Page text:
WASHINGTON (Reuters) - A Republican U.S. senator on Sunday said a federal appeals court ruling against President Barack Obama's recess appointments to the National Labor Relations Board could invalidate rulings made by the agency.
A federal appeals court ruled on Friday that Obama violated the U.S. Constitution when he used recess appointments in January 2012 and installed three nominees to the NLRB.
Senator Robert Corker said in an interview on "Fox News Sunday" that the ruling indicated the administration had overreached, characterizing the appointments as abusive.
"It was a huge victory for anybody who believes in balance of power and the Constitution," Corker said. "This ruling is very far-reaching and actually knocks down decades of action by presidents, as far as common practice goes."
The labor board nominees were facing stiff Republican opposition and Obama side-stepped Senate confirmations hearings by installing them with recess appointments. Republicans said he had undercut the Senate's power to confirm nominees because although most of its members were out of town, the chamber had not formally adjourned.
Friday's ruling also could limit presidential power to push through federal nominees and may be used to undo more decisions by the NLRB, and regulations by the Consumer Financial Protection Bureau. The consumer agency's director, Richard Cordray, was named at the same time as the board members.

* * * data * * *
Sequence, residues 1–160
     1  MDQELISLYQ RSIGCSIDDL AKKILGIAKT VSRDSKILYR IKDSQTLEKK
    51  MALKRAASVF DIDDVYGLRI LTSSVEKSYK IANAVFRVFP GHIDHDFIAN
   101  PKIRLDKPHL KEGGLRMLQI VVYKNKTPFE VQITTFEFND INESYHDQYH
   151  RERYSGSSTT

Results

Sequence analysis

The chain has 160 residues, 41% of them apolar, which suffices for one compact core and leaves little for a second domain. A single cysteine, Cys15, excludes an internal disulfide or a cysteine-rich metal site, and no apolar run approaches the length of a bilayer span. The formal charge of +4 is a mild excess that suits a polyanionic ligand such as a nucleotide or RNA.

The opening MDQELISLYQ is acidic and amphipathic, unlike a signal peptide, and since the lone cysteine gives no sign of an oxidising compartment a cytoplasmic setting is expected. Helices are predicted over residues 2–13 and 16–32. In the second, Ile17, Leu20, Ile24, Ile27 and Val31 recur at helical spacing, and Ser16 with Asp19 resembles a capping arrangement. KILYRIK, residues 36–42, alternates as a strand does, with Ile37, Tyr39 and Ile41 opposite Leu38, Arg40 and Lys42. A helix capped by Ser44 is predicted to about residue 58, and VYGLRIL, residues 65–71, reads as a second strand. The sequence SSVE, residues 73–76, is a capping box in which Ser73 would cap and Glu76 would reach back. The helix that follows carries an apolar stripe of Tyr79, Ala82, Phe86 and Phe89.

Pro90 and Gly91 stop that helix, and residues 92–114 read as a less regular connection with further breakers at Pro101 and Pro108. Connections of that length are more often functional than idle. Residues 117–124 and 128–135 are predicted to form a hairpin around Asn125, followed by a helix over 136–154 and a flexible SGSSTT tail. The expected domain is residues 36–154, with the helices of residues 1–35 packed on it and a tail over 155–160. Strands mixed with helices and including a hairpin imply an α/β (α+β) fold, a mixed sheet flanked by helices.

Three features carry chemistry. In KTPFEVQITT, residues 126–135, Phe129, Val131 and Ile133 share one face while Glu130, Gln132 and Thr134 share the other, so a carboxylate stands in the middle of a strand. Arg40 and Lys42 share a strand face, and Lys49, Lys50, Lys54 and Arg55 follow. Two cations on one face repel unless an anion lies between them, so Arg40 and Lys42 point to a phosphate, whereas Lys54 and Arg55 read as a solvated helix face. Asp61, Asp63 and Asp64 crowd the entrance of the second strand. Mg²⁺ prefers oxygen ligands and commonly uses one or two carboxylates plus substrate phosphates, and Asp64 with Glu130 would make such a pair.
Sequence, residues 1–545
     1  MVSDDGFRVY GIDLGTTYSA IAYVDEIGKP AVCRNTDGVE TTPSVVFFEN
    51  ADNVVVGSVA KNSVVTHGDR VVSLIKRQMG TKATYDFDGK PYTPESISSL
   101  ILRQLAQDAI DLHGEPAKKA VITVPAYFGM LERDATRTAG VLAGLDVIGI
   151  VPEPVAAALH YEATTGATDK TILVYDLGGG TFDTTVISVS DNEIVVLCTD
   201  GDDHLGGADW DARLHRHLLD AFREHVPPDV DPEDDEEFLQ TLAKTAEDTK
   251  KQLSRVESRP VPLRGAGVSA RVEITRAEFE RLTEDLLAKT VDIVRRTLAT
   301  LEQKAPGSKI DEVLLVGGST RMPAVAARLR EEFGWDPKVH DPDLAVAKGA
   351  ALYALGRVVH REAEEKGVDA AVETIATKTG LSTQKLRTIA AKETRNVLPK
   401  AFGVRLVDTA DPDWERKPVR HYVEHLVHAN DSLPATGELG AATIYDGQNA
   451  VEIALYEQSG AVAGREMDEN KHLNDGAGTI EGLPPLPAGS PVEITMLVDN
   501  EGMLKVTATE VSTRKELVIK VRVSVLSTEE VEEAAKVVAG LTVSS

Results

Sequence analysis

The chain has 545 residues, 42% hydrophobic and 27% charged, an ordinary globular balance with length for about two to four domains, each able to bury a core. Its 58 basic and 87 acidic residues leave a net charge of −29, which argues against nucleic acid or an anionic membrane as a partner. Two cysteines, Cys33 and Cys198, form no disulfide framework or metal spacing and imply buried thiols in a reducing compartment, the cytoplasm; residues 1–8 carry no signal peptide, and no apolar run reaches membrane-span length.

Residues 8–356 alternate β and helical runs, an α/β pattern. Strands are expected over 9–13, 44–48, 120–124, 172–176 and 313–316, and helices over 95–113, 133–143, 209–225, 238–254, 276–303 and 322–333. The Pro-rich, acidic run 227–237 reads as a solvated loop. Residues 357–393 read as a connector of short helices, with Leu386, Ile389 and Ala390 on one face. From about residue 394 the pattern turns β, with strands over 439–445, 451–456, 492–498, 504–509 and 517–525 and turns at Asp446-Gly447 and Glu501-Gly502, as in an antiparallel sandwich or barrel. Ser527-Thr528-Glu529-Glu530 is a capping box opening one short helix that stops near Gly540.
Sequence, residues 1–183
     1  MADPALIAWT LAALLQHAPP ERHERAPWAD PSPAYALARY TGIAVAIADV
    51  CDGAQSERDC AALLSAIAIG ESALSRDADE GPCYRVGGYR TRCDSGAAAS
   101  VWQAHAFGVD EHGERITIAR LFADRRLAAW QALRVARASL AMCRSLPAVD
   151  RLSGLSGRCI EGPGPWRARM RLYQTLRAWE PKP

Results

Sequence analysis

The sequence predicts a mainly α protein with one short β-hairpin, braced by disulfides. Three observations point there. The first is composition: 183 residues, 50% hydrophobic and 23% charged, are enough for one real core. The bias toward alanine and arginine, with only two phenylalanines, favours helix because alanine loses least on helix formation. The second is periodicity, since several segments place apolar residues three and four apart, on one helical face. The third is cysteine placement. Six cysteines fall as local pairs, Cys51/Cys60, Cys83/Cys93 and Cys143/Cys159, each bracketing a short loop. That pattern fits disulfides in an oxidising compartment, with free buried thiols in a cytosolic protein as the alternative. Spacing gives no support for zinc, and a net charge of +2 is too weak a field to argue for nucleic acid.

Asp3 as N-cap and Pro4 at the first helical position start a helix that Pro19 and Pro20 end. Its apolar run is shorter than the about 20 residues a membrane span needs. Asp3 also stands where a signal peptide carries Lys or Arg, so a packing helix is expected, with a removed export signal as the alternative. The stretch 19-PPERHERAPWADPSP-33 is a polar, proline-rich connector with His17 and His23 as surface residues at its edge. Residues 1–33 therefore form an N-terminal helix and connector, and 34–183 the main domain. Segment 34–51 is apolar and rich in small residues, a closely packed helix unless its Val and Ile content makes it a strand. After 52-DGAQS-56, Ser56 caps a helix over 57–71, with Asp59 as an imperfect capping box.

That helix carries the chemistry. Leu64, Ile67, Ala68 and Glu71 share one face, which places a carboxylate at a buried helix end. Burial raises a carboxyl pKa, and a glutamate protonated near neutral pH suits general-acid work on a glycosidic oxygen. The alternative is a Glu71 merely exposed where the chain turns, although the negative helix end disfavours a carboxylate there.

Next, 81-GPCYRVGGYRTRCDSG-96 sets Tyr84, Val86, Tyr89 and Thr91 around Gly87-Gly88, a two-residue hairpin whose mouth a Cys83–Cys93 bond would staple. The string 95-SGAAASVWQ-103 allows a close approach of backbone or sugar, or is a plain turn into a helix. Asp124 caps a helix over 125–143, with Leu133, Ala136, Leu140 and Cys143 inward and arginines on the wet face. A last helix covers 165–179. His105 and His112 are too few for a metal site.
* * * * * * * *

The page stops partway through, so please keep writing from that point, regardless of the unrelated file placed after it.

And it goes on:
Corker was asked if the ruling invalidates more than 300 rulings made by the NLRB in the past year and those regulations established under Cordray at the CFPB and said it "could well do it."
"In each case, someone might have to challenge the rulings to make them invalid," he said.
The White House has said the court decision will not impact Cordray.
The No. 2 Senate Democrat, Dick Durbin, defended the White House's use of recess appointments due to fierce Republican resistance.
"In its frustration, this administration said, we were elected to govern," Durbin said "Fox News Sunday." "Whether it's a National Labor Relations Board or whatever, they wanted to put people in place to govern."
(Reporting By Margaret Chadbourn; Editing by Bill Trott)